The Third Mind

The Third Mind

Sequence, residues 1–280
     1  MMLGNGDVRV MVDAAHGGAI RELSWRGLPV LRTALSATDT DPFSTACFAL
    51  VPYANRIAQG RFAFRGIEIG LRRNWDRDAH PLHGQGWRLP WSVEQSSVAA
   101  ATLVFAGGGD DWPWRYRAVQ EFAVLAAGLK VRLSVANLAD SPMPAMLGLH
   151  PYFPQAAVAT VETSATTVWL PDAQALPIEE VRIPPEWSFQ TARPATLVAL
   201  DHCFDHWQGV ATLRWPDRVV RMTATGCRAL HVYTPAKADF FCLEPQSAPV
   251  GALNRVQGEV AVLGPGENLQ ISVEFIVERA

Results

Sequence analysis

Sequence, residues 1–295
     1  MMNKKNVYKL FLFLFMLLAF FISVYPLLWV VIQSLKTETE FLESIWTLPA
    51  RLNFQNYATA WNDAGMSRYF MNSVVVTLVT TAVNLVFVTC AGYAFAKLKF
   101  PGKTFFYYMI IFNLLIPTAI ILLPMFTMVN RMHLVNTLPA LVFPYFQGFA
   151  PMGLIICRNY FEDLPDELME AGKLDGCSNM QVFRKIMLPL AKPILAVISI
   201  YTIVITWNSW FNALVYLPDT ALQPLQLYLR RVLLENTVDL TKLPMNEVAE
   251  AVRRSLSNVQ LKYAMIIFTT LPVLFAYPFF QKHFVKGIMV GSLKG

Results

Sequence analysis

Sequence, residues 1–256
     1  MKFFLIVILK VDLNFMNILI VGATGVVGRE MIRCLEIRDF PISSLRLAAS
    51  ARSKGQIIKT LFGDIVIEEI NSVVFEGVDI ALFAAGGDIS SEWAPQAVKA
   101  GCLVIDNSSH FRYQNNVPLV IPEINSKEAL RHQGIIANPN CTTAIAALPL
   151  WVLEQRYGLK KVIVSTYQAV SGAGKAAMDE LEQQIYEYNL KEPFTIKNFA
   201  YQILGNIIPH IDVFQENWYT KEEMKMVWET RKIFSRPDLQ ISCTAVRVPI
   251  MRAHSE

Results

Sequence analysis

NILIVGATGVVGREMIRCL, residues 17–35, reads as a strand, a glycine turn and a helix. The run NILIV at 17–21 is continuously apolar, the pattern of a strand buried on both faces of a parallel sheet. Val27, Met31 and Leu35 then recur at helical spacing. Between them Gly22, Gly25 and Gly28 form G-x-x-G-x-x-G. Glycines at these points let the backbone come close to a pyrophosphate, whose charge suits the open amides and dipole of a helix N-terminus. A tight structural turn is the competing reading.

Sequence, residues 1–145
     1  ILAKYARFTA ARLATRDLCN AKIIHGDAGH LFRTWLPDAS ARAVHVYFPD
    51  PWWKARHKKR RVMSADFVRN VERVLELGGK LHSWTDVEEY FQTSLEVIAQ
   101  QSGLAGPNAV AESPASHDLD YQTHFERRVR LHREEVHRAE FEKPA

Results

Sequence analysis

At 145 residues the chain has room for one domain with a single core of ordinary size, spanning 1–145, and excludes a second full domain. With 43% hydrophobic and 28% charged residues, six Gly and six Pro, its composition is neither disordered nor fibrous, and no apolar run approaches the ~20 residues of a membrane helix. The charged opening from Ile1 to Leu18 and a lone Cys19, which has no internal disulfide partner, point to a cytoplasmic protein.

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As a musician who has passionately advocated for American roots music since the Blasters released their first album in 1980, Dave Alvin is widely regarded as a traditionalist, which is not as accurate as it would seem at first glance. Alvin grew up on free jazz, psychedelia, and hard rock along with the blues, rockabilly, country, and jump jazz sounds that inform his best-known work, and his project the Third Mind is a step outside his usual boundaries that lets him explore ideas he hasn't approached in the past. Alvin was inspired by reading a book on Miles Davis that outlined his methods for composing and recording several of his major fusion albums of the '70s: Miles would call out a key, set a tempo, and he and his band would improvise at length. After the fact, he and his producer would edit the long jams into a more practical shape. Alvin assembled a set of versatile players to try something similar -- David Immergl├╝ck on guitar and keyboards, Victor Krummenacher on bass, Michael Jerome on drums, and Jesse Sykes on guitar and vocals -- though for most of the Third Mind's debut album, they gave themselves a safety net that Miles didn't. Except for one original piece, "Claudia Cardinale," Alvin and his accompanists play covers, which gives them some sort of road map to follow, but otherwise the band dove into these songs without prior rehearsal, letting the feel of the moment dictate the arrangements. If anyone was expecting that this would be the album where Alvin would remake himself into an avant-garde noise artist, they get shut down pretty quickly; however, while it's not hard to recognize the rudiments of his guitar style in these jams, he does take the opportunity to stretch out and explore the space around him in a way that's fresh and challenging. There's a folky simplicity in these versions of Fred Neil's "Dolphins" and Tim Rose's "Morning Dew," but they don't sound simple or unimaginative, and when the group dig deeper into Alice Coltrane's "Journey in Satchidananda" and the Paul Butterfield Blues Band's "East/West," the communication between the players is smart and exciting. (Whether you actually need three different versions of "East/West," the shortest of which is 14 minutes, is an open question, but each one here is honestly engaging.) Alvin's roots in the blues certainly play a big role in The Third Mind, but so does hard rock, psychedelia, jazz, and improvisational music, and this context -- essentially a jam band without audibly hippie-like tendencies -- shows that his willingness to take a risk pays off handsomely.

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